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Yreka, California 96097
Phone: 530-842-0192
Fax: 530-842-0198
Email: Familycourtsvcs@siskiyou.courts.ca.gov
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EMANCIPATION

EMANCIPATION

 

WHAT IS EMANCIPATION?

 

Emancipation is a legal procedure that declares a minor free from the custody and control of their parents or guardians before they reach the age of majority. In California, the age of majority is eighteen. If you become emancipated, you will be able to do certain things without your parentís consent, such as:

 

* Live where you choose.

* Sign binding contracts.

* Keep your own earnings.

* Buy, sell, lease, or give away any interest you have in real or personal

property.

* Obtain a work permit without parental consent.

* Enroll yourself in school or college.

* Obtain a driverís license.

* Sue someone in your own name.

* Make a valid will.

* Give consent to your medical, dental and psychiatric care.

 

You will also give up your right to be supported by your parents.

 

Even if you are emancipated:

 

         You must attend school. Compulsory education laws require you to remain

in school until you graduate or reach the age of eighteen.

 

         You cannot work as many hours as you want. Child labor laws still apply,

and work permit rules must be followed.

 

         You cannot get married without parental consent. You must have parental

consent to be married until you are eighteen.

 

         You may be tried as an adult if you commit a crime. However, the fact that

you are emancipated has no direct bearing on whether or not you will be tried as

an adult.

 

         You cannot have sexual intercourse with whomever you choose. Sexual

intercourse is illegal until you are eighteen.

 

HOW DO I BECOME EMANCIPATED?

 

There are three ways you can become emancipated:

 

1.    You can get married. This requires parental consent and permission from the Court.

 

2.    You can join the armed forces. This requires parental consent and acceptance by the military.

 

3. You can obtain a court order from a judge.

 

If you want to be declared emancipated, you must convince the judge that you meet ALL of the following requirements:

 

1. You are at least 14 years old.

 

2. You willingly want to live separate and apart from your parents with the consent or acquiescence of your parents. This means your parents do not object to you living apart from them.

 

3. You can manage your own finances.

 

4.    You have a source of income that does not come from any illegal activity.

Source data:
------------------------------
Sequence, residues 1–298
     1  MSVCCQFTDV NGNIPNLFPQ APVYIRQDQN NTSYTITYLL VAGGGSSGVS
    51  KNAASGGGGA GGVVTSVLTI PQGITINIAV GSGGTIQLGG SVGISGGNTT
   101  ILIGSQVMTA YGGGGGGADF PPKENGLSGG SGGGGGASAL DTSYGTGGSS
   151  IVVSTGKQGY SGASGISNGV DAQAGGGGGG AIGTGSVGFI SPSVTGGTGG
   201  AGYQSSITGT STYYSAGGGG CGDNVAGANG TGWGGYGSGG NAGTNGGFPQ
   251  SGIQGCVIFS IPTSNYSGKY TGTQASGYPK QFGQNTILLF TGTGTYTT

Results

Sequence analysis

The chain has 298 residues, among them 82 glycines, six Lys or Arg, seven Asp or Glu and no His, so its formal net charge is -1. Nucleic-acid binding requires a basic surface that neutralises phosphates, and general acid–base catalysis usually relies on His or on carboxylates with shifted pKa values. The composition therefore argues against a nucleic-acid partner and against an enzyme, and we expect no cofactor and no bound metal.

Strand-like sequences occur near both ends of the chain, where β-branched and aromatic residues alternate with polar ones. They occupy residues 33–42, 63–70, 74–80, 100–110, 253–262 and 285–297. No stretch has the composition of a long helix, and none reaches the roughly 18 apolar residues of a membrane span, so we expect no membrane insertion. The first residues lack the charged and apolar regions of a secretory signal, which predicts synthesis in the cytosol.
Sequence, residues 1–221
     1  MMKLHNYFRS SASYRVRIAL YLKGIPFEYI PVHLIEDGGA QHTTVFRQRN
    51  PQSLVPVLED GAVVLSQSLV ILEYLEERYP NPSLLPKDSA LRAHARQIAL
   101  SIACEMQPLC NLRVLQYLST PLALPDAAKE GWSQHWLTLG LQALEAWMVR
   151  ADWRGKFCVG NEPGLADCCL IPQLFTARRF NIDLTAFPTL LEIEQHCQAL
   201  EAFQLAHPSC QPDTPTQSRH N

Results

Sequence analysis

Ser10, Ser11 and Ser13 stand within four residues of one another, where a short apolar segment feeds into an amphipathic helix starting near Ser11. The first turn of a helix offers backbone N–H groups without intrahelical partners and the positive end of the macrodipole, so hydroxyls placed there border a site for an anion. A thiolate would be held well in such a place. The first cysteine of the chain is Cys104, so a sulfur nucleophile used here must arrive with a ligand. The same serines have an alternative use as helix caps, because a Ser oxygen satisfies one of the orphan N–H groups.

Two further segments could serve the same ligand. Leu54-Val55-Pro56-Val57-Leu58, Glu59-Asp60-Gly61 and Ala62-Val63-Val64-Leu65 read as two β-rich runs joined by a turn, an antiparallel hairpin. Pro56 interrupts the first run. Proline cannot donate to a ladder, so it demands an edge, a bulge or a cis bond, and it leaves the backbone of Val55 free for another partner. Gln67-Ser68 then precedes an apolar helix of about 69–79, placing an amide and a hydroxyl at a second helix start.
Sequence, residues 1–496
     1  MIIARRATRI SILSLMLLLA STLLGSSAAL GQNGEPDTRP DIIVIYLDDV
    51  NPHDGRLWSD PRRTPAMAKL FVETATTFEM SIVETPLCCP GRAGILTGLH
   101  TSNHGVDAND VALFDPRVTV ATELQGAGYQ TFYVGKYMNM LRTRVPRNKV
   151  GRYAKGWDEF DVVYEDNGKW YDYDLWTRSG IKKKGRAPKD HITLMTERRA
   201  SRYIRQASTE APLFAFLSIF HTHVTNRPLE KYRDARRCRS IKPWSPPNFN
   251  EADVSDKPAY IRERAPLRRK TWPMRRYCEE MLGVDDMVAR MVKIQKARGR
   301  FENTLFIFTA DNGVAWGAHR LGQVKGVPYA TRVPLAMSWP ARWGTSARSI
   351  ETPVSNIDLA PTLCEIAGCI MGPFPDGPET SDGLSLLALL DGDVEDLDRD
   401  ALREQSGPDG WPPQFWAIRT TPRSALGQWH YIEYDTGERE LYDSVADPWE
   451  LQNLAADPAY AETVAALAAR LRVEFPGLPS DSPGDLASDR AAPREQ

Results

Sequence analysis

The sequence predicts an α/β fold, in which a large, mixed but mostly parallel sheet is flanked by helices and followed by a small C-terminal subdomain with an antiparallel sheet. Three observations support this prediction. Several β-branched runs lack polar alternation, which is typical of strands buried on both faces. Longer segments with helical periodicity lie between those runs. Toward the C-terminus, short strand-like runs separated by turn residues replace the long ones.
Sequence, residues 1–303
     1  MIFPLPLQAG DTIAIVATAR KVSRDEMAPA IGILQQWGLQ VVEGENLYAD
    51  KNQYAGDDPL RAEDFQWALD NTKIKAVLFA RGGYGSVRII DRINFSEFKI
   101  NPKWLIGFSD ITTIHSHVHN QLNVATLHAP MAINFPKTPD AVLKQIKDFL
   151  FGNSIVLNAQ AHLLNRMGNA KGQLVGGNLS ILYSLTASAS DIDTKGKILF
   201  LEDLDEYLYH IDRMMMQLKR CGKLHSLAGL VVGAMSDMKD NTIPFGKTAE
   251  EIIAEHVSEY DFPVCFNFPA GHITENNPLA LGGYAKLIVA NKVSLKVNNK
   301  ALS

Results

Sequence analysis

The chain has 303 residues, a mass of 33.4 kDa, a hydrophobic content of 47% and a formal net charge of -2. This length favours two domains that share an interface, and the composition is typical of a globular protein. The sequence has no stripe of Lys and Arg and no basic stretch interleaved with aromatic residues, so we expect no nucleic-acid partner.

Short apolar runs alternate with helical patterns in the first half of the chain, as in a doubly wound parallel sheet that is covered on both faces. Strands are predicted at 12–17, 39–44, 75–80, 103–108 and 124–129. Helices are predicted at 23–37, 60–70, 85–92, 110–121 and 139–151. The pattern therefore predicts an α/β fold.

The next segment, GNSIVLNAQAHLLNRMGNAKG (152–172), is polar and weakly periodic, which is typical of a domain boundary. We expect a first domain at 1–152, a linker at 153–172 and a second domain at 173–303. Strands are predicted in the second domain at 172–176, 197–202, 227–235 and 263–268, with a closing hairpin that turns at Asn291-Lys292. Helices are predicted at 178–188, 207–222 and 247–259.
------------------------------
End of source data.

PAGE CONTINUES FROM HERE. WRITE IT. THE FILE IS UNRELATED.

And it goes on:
5.    Emancipation would not be contrary to your best interests; it is good for you.

 

WHAT FORMS DO I NEED TO FILL OUT?

 

You will need to complete certain forms and file them with the court. You can get blank forms to fill out from the Family Law Branch Office of the Court or from the Court Facilitator. The forms you must fill out are:

 

* Petition for Declaration of Emancipation of Minor, Order Prescribing Notice,

Declaration of Emancipation, and Order Denying Petition (MC-300).

* Emancipation of Minor-Income and Expense Declaration (MC-306)

* Notice of Hearing (MC-305)

* Declaration of Emancipation of Minor After Hearing (MC-310).

 

FILING FEE OR WAIVER

 

You will be required to pay a $355.00 filing fee to file your emancipation petition. If you cannot afford to pay the fee, you can file an application to have the fees waived, including an Application for Waiver of Court Fees and Costs form and an Order on Application of Court Fees and Costs forms. Unless waived, you shall pay the filing fee as specified. The ability or inability to pay the filing fee is not in and of itself evidence of the status of the degree of financial responsibility of the minor, as required for emancipation. You are also required to pay a $75.00 investigation fee to Family Court Services before your request will be evaluated.

 

DO I HAVE CHOICES OTHER THAN EMANCIPATION?

 

Emancipation is only one of several alternatives available to you if you feel you cannot live with your parents. You may want to consider other options such as:

 

v  Family counseling between you and your parents

 

v  Living with another responsible adult like an aunt, uncle, grandparent, or

family friend.

 

v  Seeking assistance from public and private agencies

 

v  An informal agreement with your parents allowing you to live outside

your home

 








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